From today's Times:
But the conventional wisdom in American letters has always been that size matters, that the big-game hunters and heavyweight fighters — take your pick of Hemingway-Mailer macho sports metaphors — go after the Great American Novel.He continues:
But this maximalist ideology may be completely wrong, or at least in serious need of revision. The great American writers of the 19th century, whose novels are now staples of the syllabus, all excelled in the short form. Herman Melville’s “Piazza Tales” are as lively and strange as “Moby-Dick”; Nathaniel Hawthorne’s tales and sketches are pithier than “The Scarlet Letter”; Henry James’s stories, supernatural and otherwise, show a gift for concision along with the master’s expected psychological acuity.
But if the golden age of American magazines is long gone, the short story itself has shown remarkable durability, and may even be poised for a resurgence. Wells Towers’s “Everything Ravaged, Everything Burned” provides the most vivid recent example of the way a good story, or a solid collection of them, can do more than a novel to illuminate the textures of ordinary life and the possibilities of language. And the short story may provide a timely antidote to the cultural bloat of the past decade, when it often seemed that every novel needed to be 500 pages long and every movie had to last three hours — or four years, if it took the form of a cable series.Forgive me for not using brief quotations: this is a great article. I agree with much of what A.O. Scott has to say, chiefly that brevity should be the goal of every writer. As far as my reading habits go, reading doorstops is mentally taxing but I don't mind them when they're worth every page. But I'm not forgiving when the writer has failed to edit their prose to the essentials. Every writer is guilty of this at some point but it's worst kind of mistake. Especially in an age where people have less time to read (or choose to read less).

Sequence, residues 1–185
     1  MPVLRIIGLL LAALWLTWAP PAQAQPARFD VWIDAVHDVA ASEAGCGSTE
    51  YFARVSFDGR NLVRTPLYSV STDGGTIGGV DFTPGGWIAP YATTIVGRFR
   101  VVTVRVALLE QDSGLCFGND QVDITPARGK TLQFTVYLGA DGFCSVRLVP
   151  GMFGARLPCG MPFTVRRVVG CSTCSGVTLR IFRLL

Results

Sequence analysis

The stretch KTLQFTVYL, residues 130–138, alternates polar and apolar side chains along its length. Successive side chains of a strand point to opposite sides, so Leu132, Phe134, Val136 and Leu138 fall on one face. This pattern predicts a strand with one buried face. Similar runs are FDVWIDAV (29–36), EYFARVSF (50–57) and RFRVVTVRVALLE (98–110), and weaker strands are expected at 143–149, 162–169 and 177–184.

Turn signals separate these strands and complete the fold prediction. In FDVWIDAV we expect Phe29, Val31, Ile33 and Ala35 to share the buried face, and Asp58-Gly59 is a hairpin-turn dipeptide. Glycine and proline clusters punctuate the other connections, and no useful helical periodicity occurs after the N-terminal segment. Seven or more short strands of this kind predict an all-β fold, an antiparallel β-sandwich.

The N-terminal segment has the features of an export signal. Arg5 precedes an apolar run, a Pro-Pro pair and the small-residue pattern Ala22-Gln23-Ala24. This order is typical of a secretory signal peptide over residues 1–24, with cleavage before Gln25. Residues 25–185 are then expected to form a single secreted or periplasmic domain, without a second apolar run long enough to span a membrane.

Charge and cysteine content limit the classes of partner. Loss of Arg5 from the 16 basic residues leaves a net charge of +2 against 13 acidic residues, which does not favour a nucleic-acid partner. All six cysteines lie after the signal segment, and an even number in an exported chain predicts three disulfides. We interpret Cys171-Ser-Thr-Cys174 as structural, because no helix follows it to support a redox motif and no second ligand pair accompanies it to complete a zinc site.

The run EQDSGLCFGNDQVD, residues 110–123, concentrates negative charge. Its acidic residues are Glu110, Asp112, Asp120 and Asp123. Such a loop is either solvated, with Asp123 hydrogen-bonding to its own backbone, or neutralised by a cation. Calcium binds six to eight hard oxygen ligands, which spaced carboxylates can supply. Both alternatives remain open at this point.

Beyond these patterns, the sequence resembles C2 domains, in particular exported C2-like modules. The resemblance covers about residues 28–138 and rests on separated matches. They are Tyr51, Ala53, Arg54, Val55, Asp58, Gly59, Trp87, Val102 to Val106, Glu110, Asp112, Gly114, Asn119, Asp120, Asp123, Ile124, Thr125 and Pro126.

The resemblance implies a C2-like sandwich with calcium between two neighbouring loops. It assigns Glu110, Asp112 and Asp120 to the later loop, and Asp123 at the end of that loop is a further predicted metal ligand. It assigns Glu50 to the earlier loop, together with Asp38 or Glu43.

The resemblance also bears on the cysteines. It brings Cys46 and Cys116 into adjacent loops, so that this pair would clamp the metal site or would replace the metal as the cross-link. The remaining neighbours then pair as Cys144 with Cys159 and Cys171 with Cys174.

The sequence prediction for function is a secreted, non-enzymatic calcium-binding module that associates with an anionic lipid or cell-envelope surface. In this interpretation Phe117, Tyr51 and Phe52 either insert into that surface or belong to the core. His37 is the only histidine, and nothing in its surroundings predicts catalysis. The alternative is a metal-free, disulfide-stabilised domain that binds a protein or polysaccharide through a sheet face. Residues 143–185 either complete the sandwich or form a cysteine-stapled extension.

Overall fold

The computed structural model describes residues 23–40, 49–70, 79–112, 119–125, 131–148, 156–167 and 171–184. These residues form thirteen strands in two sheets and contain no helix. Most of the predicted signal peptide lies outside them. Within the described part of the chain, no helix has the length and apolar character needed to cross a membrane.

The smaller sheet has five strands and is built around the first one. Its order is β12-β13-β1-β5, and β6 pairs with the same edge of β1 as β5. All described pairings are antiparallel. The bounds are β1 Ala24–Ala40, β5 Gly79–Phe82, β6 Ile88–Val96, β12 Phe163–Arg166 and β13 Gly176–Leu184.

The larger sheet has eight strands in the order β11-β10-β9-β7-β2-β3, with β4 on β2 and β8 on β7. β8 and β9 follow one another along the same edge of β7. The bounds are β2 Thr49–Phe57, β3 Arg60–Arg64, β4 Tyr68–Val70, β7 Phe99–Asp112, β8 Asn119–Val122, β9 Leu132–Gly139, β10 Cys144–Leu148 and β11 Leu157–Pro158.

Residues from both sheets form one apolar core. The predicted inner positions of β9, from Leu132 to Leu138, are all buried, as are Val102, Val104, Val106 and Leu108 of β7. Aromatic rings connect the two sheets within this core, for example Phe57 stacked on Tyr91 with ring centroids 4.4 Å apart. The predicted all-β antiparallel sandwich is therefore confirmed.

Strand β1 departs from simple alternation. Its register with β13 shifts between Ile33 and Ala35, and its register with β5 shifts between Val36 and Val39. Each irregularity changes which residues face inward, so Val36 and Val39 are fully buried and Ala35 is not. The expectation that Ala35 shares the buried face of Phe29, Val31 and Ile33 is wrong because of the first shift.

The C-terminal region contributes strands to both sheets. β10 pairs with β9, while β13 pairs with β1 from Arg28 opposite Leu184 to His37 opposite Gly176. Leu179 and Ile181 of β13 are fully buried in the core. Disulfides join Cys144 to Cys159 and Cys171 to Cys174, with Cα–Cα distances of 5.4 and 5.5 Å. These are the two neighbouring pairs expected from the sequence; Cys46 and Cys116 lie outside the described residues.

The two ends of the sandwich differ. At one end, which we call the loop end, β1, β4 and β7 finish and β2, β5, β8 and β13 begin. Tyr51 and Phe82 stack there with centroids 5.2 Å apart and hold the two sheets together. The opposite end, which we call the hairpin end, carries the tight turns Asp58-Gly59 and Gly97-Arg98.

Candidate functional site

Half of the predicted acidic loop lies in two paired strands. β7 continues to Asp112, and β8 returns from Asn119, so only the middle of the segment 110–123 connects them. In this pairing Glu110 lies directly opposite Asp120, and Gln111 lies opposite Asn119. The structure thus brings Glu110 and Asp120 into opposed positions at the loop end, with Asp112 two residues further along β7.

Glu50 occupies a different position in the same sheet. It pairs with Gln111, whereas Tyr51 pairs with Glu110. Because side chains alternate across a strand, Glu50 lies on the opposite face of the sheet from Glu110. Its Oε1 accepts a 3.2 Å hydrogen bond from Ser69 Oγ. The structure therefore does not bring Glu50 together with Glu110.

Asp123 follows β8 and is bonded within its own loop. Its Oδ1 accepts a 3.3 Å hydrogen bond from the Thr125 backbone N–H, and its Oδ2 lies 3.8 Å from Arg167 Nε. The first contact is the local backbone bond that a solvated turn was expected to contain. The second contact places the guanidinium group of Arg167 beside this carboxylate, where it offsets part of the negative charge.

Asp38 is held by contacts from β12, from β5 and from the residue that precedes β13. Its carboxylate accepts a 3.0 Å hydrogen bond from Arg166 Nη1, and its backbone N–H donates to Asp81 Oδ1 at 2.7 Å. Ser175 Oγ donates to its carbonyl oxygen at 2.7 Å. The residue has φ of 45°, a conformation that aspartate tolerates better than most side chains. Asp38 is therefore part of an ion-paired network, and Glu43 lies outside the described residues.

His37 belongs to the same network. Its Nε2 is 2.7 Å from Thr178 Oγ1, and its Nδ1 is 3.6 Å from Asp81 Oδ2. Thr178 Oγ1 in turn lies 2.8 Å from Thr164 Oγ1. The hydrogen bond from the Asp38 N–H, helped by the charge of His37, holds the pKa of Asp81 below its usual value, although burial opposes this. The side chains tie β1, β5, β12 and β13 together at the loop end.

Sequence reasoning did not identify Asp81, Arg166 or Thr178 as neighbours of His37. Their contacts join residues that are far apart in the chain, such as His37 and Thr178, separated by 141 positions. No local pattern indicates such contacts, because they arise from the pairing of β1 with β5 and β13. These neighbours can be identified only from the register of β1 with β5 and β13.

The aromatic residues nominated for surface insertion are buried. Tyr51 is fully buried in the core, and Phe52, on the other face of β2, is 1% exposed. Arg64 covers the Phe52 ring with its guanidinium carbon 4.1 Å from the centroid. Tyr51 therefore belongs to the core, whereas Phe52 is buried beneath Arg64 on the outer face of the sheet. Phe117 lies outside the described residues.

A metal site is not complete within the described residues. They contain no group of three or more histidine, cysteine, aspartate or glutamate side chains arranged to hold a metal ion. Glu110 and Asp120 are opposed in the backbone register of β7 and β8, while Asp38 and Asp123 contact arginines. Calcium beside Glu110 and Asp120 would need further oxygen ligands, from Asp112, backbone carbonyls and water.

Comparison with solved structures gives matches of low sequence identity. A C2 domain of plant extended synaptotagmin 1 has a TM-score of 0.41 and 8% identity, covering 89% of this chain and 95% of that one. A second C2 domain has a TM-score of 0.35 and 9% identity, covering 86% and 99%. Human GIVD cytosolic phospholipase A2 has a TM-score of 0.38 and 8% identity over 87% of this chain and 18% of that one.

The new, post-print literary media are certainly amenable to brevity. The blog post and the tweet may be ephemeral rather than lapidary, but the culture in which they thrive is fed by a craving for more narrative and a demand for pith. And just as the iPod has killed the album, so the Kindle might, in time, spur a revival of the short story. If you can buy a single song for a dollar, why wouldn’t you spend that much on a handy, compact package of character, incident and linguistic invention? Why wouldn’t you collect dozens, or hundreds, into a personal anthology, a playlist of humor, pathos, mystery and surprise?
The death of the novel is yesterday’s news. The death of print may be tomorrow’s headline. But the great American short story is still being written, and awaits its readers.
I don't necessarily agree that the short story is the answer to fiction's problem; I don't need to repeat the known problems of the short story. But I think novelists should aim to write fiction that is consumable in two sittings - something, I believe, Joan Didion said was her aim with her fiction. That typically means less than 300 pages. But if you need 500, that's okay too: just make it good and don't waste a damn word.